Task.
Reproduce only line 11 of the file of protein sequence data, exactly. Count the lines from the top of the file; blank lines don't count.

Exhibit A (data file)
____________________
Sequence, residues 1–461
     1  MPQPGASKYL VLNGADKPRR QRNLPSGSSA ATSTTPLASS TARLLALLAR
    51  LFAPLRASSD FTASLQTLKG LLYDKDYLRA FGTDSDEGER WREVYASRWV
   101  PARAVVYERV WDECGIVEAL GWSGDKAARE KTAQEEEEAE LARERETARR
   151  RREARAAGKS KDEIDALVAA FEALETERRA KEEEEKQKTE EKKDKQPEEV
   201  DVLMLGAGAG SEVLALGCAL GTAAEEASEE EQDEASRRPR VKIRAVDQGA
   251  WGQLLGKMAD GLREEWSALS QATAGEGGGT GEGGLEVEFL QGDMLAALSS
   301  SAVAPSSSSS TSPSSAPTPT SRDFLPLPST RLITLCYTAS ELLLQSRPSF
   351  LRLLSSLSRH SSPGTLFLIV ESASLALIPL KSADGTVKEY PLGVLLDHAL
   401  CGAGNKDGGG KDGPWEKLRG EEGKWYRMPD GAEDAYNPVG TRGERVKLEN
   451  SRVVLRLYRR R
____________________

   451  SRVVLRLYRR R